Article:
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Mar-06-2019 12:08printcomments

Upcoming Time Change Expected to Cause Drowsy Drivers

Avoid drowsy driving, get extra rest now

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Photo by JESHOOTS.com / Pexels

(SALEM, Ore.) - This weekend, Oregonians will spring forward by setting clocks ahead one hour (officially at 2 a.m. Sunday, March 10), and safety advocates want to remind travelers that changes to sleeping patterns can result in drowsy driving – and that can be fatal for anyone out using the transportation system, whether in a car, on foot, riding or rolling.

Drowsy driving can be deadly, just like driving impaired. From 2013 – 2017 in Oregon, 58 people died in crashes involving a drowsy driver – and officials believe the real number is likely higher.

Unlike drunk driving, driving drowsy is not a behavior people readily recognize as wrong.

Around one-third of American drivers have admitted falling asleep at the wheel, and more than half (60 percent) said they have driven while drowsy, according to a National Sleep Foundation poll. But like impaired driving, the consequences of drowsy driving can be tragic. And like impaired driving, it’s preventable.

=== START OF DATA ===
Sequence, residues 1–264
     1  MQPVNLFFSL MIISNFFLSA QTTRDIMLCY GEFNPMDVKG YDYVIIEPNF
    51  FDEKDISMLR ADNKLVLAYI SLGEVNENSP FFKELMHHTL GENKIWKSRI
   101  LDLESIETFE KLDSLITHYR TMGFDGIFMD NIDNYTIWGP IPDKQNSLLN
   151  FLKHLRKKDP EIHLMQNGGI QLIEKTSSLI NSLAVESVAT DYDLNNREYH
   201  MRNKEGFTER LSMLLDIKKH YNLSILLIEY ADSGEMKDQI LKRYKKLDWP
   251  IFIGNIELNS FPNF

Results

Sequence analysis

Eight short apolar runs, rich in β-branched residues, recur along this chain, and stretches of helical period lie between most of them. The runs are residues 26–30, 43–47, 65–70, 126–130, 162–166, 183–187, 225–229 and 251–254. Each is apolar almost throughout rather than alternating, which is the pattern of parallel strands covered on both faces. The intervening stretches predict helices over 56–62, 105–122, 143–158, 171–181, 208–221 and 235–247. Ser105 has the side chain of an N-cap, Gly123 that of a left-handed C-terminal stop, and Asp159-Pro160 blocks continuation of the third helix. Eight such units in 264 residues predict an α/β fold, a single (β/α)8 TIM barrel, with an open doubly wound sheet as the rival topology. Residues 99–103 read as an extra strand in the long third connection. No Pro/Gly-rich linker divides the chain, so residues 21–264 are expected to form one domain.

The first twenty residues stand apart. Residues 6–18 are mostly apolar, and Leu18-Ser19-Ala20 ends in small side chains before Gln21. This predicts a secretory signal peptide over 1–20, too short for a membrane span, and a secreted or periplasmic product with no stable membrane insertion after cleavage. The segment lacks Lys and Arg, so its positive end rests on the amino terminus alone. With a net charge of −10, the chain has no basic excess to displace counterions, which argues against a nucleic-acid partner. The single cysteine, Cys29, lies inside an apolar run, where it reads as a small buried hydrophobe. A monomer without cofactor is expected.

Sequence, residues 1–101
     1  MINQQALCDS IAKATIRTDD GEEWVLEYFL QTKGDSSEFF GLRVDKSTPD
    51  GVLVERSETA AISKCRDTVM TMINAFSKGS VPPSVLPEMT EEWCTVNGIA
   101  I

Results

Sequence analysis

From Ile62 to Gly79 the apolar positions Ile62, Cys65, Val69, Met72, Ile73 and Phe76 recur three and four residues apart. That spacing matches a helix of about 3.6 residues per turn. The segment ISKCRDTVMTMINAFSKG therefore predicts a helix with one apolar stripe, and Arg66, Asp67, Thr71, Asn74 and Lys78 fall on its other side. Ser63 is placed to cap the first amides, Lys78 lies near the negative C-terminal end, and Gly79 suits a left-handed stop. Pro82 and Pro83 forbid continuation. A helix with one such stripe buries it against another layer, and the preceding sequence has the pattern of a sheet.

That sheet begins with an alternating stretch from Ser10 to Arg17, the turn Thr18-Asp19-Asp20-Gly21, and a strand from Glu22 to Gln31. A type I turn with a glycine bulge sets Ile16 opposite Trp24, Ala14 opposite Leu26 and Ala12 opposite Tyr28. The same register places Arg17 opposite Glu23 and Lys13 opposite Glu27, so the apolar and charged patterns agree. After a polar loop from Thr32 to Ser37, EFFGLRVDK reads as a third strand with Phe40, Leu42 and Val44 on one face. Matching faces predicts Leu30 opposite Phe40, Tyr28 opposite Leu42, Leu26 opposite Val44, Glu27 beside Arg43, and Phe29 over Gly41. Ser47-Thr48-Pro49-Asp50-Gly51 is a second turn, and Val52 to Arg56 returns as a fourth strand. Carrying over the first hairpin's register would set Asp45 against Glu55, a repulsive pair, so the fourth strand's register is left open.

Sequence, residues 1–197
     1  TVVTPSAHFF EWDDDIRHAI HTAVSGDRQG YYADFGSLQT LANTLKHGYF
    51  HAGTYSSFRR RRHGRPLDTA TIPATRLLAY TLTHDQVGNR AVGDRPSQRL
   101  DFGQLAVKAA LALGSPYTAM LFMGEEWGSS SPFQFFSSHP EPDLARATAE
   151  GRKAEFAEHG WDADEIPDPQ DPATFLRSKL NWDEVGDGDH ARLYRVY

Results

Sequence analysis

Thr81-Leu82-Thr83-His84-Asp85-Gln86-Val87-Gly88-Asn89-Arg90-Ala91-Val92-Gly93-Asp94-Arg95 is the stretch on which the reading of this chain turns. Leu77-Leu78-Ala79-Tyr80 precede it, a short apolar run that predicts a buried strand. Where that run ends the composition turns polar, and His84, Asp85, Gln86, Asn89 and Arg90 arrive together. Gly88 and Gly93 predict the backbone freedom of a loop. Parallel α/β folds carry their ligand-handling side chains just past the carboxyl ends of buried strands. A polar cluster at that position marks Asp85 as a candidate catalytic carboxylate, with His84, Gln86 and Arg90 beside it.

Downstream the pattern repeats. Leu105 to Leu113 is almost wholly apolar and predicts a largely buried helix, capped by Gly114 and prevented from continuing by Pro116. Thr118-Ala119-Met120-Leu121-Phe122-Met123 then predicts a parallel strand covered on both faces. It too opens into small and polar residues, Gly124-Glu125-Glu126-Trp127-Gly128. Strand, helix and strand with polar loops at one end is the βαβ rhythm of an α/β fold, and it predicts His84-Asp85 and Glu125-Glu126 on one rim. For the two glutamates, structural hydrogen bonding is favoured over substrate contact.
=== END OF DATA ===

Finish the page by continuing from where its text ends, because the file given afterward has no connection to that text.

Fatigue has costly effects on the safety, health, and quality of life of the American public. Whether fatigue is caused by sleep restriction due to a new baby waking every couple of hours, a late or long shift at work, hanging out late with friends, or a long and monotonous drive for the holidays – the negative outcomes can be the same. These include impaired cognition and performance, motor vehicle crashes, workplace accidents, and health consequences.

Addressing these issues can be difficult when our values frequently do not align with avoiding drowsy driving. In a 24/7 society, with an emphasis on work, longer commutes, and exponential advancement of technology, many people do not get the sleep they need. Effectively dealing with the drowsy-driving problem requires fundamental changes to societal norms and especially attitudes about drowsy driving.

Visit the National Highway Traffic Safety Administration for tips on avoiding drowsy driving, how to recognize it, and what to do... before it’s too late.

Source: ODOT; National Highway Traffic Safety Administration

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